Pro tip: If the dad is not present, a mom, or an older guardian can also do the toss.

Encourage Interaction

This is even more effective when you’re photographing infants. If you want to picture the child in their true natural habitat, ask their older sibling to show you the baby’s nose, count their fingers, or sing to the baby.

This way, the child will feel a sense of purpose and will be more willing to help you out. Of course, if the older child is feeling irritated, move on and try later.

Pro tip: Focus on their faces to capture the rawest emotions in their expressions.

Engage Them in An Activity

Give the child something to do, and they’ll instantly forget that you’re even there.  For example, if the kid gets tired and cranky after a long day outside and simply doesn’t want to shoot, pull out a kite or a ball and let them play with it. You’ll see the annoyance vanish into feeling of joy.

Pro tip: You can take some entertainment preparations prior to the shoot, like give them a little cooking setup and bake with them. Let them have their fun.

Let Them Perform for You

You could ask tiny client to do a little bit of showing and telling session. Ask them to show you a trick or talent they have. Most kids love it when you show interest in something, they like doing. They’ll happily show off.

Pro tip: Watch them perform attentively, enjoy. Don’t just photograph. Make it look like you really appreciate what they’re doing.

Sing To Them

Music is always a powerful tool. It adds more dimensions to whatever you do. Sing to the child, or even better, get them to sing with you. The nervousness will be replaced by friendly bonding.

Pro tip: Ask the kid’s parent what their favorite songs are. You can even ask them to sing them to the child in order to break the ice.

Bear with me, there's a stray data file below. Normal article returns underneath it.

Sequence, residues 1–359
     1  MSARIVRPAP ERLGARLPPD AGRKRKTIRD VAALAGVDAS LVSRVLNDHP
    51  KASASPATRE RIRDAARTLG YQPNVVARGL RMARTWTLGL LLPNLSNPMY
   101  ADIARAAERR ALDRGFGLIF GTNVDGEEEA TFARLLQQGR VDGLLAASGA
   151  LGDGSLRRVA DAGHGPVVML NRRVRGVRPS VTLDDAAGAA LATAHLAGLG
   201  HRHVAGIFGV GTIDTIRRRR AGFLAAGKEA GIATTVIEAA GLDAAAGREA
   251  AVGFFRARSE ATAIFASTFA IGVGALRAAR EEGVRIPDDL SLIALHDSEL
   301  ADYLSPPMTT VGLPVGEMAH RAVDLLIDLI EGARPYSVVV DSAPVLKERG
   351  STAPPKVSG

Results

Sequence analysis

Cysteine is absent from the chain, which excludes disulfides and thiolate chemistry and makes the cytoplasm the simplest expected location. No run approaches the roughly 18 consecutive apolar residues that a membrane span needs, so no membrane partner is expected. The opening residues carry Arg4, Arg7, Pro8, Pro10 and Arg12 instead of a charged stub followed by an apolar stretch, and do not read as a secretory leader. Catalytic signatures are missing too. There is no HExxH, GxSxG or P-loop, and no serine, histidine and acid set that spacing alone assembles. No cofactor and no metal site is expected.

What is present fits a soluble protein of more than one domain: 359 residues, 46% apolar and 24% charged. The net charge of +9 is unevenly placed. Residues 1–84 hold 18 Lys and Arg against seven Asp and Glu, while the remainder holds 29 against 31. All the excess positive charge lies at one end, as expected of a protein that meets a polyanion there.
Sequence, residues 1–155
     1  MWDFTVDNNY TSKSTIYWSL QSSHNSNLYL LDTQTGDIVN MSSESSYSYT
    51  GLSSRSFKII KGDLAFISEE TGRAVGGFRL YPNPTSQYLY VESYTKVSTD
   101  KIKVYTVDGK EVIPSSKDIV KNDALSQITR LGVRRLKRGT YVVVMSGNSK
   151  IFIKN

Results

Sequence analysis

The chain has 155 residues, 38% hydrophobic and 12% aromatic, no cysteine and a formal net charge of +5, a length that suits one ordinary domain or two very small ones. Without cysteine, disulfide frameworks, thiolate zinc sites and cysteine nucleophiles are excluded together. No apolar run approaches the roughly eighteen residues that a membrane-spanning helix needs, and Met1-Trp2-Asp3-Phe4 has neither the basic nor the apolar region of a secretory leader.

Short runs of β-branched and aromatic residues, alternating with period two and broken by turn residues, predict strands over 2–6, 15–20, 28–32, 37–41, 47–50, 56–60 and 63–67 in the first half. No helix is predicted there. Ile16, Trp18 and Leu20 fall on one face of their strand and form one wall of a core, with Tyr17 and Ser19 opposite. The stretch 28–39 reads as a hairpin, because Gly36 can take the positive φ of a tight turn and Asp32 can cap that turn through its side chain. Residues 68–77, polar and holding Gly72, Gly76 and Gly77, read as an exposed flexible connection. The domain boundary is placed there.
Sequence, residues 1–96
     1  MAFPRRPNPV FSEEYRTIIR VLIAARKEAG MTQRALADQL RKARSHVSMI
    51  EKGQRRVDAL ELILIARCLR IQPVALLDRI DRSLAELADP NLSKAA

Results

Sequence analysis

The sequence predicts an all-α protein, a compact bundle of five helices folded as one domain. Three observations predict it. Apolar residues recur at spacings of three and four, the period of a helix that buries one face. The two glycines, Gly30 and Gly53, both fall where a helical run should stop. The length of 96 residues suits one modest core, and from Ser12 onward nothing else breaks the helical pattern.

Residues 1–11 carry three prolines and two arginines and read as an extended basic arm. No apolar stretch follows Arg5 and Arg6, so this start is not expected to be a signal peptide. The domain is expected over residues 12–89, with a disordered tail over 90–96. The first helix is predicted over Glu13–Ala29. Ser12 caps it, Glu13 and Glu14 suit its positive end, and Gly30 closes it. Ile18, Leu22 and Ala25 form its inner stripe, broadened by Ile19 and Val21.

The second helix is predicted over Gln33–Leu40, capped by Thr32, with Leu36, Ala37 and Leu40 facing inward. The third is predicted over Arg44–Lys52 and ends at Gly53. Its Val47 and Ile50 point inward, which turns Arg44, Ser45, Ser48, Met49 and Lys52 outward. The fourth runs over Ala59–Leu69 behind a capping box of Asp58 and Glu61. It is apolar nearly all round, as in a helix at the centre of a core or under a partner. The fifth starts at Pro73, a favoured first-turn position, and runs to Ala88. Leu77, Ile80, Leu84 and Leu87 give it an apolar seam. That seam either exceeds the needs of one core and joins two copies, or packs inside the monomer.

Reverse Psychology

Kids love breaking rules. If you want them to do a certain thing or strike a particular pose, just ask them not to do it. Don’t smile or do anything that’d give it away.

Pro tip: Don’t be too bossy with the kids, though. If they notice that you’re being too smart with them, they are most unlikely to cooperate. Be gentle to them.

Play Games

When working with children, it’s important to learn how to take the situation to your favor by negotiating or coming to a common ground. You want to photograph them, when all they want is to play with their favorite toy or just to run around the house. Why not do both?

Ask them to play whatever game they were playing or want to play, while you photograph them. They’ll get busy with their game and forget that you’re even there, and you’ll get some really good natural expressions to click. It’s a win-win for you both.

Pro tip: You can also teach them some of your favorite games or things you liked doing when you were their age. Or take part in their game with them so they don’t know your real intention is to catch them in the act.

It’s A Wrap!

Always end the sessions with the impression that’d make the child feel like you really enjoyed their company and you’d like to spend more time with them whenever they want to. Become their friend.

This will make a good impression on them and other kids’ parents may also consider you when they want their child to be photographed.